The Solution to the Bob Benson Mystery Is Definitely on Those Coffee Cups

Brow Beat
Slate's Culture Blog
June 17 2013 2:33 PM

The Solution to the Bob Benson Mystery Is on Those Coffee Cups

130531_BROW_MADMENCOFFEE

Courtesy of AMC

Last night on Mad Men we learned that Bob Benson is not what he seemed. We already knew that, of course—there has always been something so oddly chipper and mysteriously straightforward about the man. It was obvious that something was up.

David Haglund David Haglund

David Haglund is a senior editor at Slate. He runs Brow Beat, Slate's culture blog.

Specifically, though, we learned that he lied on the resumé that got him his job with Sterling Cooper et al, and that he used to be a “manservant.” As Paul Ford explains in today’s Slate TV Club, “Bob, like Don, is a completely invented person, and is in fact a nobody from West Virginia. No blue-blood, he worked in private banking as a personal servant, which is where he picked up his impeccable manners.”

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Of course! Here at Brow Beat, we have been nursing a half-baked notion that the solution to the Bob Benson mystery, whatever it is, would somehow be embodied by the Anthora coffee cup, a beloved New York City icon created by Leslie Buck which Bob Benson is shown holding in scene after scene. The cup was introduced in the 1960s, and was instantly popular; Margalit Fox described the design in a memorable obit for Buck, who died in 2010:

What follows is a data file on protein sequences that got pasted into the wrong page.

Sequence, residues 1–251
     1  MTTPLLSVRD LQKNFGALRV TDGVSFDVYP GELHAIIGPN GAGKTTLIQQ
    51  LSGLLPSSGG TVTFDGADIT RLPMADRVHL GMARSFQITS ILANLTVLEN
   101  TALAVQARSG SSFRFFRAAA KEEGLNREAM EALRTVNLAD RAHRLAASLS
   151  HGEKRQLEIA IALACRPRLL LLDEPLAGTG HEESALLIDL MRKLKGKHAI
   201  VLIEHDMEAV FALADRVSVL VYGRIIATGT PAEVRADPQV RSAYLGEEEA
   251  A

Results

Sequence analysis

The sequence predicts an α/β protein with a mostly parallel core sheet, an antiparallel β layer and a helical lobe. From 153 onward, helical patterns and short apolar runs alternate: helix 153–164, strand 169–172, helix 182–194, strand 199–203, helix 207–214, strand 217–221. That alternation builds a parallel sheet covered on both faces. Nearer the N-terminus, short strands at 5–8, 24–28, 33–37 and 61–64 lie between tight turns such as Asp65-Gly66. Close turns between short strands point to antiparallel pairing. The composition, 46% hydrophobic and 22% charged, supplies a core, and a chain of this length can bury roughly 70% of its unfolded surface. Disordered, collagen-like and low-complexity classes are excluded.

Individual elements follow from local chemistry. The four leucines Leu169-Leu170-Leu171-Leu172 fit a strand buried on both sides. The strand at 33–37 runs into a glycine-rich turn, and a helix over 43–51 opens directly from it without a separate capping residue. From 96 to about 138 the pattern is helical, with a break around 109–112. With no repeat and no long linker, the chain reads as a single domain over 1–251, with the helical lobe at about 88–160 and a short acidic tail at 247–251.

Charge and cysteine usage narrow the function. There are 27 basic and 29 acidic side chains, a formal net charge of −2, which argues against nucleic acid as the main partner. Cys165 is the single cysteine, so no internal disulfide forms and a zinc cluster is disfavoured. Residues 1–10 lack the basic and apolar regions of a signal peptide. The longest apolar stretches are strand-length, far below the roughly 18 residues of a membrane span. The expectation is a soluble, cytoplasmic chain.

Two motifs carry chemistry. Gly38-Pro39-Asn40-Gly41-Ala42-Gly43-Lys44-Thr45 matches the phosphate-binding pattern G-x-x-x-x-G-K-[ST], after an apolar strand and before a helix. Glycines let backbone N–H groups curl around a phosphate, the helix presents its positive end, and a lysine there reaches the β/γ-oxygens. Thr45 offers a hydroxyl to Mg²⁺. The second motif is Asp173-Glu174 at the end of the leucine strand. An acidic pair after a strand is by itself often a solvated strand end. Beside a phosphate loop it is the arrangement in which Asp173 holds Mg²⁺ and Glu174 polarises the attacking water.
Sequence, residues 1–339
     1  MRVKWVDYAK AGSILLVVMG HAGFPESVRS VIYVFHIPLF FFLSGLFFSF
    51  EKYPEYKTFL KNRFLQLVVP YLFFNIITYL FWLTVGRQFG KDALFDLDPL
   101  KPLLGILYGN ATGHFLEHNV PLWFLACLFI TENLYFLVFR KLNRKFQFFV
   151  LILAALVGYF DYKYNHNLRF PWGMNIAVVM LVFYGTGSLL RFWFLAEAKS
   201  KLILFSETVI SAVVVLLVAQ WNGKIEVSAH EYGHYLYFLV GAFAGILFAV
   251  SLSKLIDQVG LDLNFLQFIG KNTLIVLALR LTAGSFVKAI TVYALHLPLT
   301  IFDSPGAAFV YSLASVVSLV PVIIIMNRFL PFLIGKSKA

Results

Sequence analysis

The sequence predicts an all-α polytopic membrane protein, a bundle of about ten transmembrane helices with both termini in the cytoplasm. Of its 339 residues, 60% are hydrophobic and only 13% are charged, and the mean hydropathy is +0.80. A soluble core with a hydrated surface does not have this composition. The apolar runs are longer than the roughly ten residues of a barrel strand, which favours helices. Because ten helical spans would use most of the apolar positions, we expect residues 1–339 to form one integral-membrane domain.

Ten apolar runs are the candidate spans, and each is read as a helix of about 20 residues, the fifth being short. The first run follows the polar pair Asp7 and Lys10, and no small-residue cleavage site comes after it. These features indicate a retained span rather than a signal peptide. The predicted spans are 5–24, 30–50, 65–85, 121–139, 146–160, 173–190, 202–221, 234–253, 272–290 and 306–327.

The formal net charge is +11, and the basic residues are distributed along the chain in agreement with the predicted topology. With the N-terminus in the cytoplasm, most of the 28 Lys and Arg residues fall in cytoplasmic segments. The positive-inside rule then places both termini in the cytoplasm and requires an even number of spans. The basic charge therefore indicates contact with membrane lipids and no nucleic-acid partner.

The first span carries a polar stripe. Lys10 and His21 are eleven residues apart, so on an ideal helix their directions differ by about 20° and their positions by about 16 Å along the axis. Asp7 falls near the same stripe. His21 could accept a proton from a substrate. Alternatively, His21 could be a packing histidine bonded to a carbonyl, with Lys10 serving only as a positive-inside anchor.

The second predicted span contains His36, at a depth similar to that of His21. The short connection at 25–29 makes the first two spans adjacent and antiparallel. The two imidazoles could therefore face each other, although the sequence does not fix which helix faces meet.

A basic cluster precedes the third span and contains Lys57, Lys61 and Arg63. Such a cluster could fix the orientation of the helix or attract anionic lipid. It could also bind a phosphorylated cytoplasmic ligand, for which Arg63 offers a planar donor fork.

On front and back, Mr. Buck emblazoned the Anthora with three steaming golden coffee cups. Above them, in lettering that suggests a Classical inscription, was the Anthora’s very soul—the motto. It has appeared in many variant texts since then; Mr. Buck’s original, with its welcome intimations of tenderness, succor and humility, was simply this:
We Are Happy
To Serve You.

WE ARE HAPPY TO SERVE YOU. Oddly ominous, in that all-caps, faux-ancient-Greek font, is it not? And, of course, serve may have many meanings. It may refer to an employee’s heretofore hidden past as a manservant, or it may refer to his desire to cook you and serve you as a meal. And what about that “we”? Is it the we of an obseqious servant? Does it allude to Benson’s plural identities?

What other Bob Benson mysteries are hidden in plain sight on that ever-present-in-his-hands Anthora coffee cup (or cups)? I hope we will find out this Sunday, on the season finale.

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